We’ve all heard the admonition to back up our data. You don’t want a computer crash or a natural disaster to wipe out your work. Even worse would be a ransomware attack where you have to pay a ransom to have your data restored—and if you don’t pay, your data is permanently erased. Your library’s data is just as at risk as your personal information. Documents, spreadsheets, photos, videos, and archived search results, vital to your professional and personal life, won’t re-create themselves on their own. It will take tremendous effort on your part and, even then, the task may be impossible. So, I’m sure you’ve got a backup plan. You do, right? An external hard drive perhaps or cloud storage? And if it’s an external hard drive, you don’t keep it right next to your computer, do you? Of course not!
However you’ve opted to back up your data, you also need a disciplined approach. You need to religiously follow your backup procedures. Having a plan is wonderful, but sticking to it is even better. Sometimes discipline isn’t enough. A friend of mine recently discovered, to her consternation, that her faithfully executed antivirus regimen was ineffective. She did a complete scan and found five things to quarantine/delete. A computer consultant then ran a scan using MalwareBytes. It found 2,764 threats—a pretty dramatic difference! My friend is now a MalwareBytes convert.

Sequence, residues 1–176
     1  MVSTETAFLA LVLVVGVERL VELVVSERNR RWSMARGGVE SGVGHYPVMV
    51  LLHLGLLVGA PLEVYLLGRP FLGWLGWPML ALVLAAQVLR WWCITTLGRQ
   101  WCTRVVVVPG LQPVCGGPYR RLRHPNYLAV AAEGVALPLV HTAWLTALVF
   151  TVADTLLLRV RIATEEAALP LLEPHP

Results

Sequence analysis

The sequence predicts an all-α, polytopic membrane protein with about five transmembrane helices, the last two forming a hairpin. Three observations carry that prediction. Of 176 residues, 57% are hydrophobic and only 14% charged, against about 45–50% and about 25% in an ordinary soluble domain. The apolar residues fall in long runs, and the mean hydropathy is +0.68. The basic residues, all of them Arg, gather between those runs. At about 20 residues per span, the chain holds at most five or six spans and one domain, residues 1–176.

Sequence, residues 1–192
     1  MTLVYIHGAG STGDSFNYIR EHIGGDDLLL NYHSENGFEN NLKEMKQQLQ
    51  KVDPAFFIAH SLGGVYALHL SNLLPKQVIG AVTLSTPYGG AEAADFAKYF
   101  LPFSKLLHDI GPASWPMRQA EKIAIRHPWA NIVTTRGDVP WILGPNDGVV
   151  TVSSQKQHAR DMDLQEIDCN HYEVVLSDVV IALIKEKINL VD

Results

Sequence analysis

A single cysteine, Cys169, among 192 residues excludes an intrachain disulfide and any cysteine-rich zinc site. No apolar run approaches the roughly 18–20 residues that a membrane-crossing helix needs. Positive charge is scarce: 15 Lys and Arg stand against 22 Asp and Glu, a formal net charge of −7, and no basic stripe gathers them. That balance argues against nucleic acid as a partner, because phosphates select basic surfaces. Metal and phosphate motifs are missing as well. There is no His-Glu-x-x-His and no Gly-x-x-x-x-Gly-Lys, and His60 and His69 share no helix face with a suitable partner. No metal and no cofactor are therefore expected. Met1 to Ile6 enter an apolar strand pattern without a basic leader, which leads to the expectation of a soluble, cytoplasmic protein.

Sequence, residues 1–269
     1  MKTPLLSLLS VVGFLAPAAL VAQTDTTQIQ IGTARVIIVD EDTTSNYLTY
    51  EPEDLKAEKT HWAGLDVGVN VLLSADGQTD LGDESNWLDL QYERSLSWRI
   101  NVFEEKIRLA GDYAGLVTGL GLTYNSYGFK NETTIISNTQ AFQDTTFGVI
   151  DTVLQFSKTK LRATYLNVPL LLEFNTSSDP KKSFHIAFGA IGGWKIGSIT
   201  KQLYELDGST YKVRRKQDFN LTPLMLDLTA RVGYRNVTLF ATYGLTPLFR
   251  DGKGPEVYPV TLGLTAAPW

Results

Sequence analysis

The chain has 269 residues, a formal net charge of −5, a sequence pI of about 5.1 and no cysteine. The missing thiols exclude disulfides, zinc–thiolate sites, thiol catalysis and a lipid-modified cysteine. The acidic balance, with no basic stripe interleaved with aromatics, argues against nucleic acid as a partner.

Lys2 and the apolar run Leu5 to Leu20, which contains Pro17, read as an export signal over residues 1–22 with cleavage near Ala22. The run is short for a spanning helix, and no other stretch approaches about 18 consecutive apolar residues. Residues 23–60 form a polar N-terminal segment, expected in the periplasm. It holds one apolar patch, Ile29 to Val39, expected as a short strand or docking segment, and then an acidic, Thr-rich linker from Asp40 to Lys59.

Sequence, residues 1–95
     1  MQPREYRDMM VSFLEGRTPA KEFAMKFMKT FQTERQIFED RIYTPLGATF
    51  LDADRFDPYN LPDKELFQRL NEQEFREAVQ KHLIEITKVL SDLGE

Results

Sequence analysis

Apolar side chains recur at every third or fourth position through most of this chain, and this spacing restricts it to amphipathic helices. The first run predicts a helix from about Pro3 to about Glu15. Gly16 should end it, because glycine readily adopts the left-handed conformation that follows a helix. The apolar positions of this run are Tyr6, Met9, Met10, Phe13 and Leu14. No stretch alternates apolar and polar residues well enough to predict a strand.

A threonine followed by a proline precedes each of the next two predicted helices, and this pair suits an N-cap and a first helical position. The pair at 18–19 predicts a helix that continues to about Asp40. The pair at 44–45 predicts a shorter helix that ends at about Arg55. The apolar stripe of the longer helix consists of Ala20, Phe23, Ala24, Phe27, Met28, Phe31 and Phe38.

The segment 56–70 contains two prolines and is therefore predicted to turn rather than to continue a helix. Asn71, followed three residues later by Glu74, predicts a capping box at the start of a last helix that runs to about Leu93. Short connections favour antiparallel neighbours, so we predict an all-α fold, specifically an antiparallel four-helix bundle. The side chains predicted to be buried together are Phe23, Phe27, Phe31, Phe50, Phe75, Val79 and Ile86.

Further escalating the concept of backing up your data, consider U.S. government websites. Many began to see content disappearing from them shortly after the Trump administration took power. Scientific data seemed particularly vulnerable. Proactive librarians took the initiative to preserve data before it fell into the black hole of political expediency. Hacker groups gathered to grab data and preserve it. DataRefuge (datarefuge.org) concentrates on environmental and climate data. Some individual agencies also acted. The U.S. Geological Survey created the National Geological and Geophysical Data Preservation Program (datapreservation.usgs.gov).
To some extent, it’s inevitable for new administrations to create websites reflecting the new administration’s policies. The Internet Archive’s End of Term Web Archive (eotarchive.cdlib.org) began in 2008 with the transition from Bush to Obama. The point of backing up isn’t to castigate one administration or another; it’s to ensure that data is preserved in a usable form for future researchers.
Backing up is important for your personal information, your library’s data, and research findings in general. Never think that data loss can’t happen to you. It can. Responsible information professionals think ahead and take action to protect data, whether it’s on their mobile devices, library servers, or government sites storing sponsored research.